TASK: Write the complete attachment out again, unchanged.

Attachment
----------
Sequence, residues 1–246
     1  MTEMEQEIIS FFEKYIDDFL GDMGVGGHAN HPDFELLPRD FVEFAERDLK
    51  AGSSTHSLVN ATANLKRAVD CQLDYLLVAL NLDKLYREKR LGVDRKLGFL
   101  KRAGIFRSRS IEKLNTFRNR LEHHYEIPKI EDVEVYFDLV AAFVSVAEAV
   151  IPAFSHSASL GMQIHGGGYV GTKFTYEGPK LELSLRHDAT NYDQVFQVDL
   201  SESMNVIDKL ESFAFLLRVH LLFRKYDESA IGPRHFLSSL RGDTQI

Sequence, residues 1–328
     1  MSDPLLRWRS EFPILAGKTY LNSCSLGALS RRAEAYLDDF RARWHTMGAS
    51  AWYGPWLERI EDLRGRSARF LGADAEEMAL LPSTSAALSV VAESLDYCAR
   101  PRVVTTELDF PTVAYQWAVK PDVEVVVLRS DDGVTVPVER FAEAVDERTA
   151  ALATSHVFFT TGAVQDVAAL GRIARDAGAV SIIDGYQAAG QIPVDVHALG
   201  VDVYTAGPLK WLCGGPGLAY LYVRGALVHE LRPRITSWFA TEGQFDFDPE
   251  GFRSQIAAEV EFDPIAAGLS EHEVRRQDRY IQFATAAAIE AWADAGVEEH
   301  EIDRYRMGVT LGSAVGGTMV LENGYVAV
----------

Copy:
Sequence, residues 1–246
     1  MTEMEQEIIS FFEKYIDDFL GDMGVGGHAN HPDFELLPRD FVEFAERDLK
    51  AGSSTHSLVN ATANLKRAVD CQLDYLLVAL NLDKLYREKR LGVDRKLGFL
   101  KRAGIFRSRS IEKLNTFRNR LEHHYEIPKI EDVEVYFDLV AAFVSVAEAV
   151  IPAFSHSASL GMQIHGGGYV GTKFTYEGPK LELSLRHDAT NYDQVFQVDL
   201  SESMNVIDKL ESFAFLLRVH LLFRKYDESA IGPRHFLSSL RGDTQI

Sequence, residues 1–328
     1  MSDPLLRWRS EFPILAGKTY LNSCSLGALS RRAEAYLDDF RARWHTMGAS
    51  AWYGPWLERI EDLRGRSARF LGADAEEMAL LPSTSAALSV VAESLDYCAR
   101  PRVVTTELDF PTVAYQWAVK PDVEVVVLRS DDGVTVPVER FAEAVDERTA
   151  ALATSHVFFT TGAVQDVAAL GRIARDAGAV SIIDGYQAAG QIPVDVHALG
   201  VDVYTAGPLK WLCGGPGLAY LYVRGALVHE LRPRITSWFA TEGQFDFDPE
   251  GFRSQIAAEV EFDPIAAGLS EHEVRRQDRY IQFATAAAIE AWADAGVEEH
   301  EIDRYRMGVT LGSAVGGTMV LENGYVAV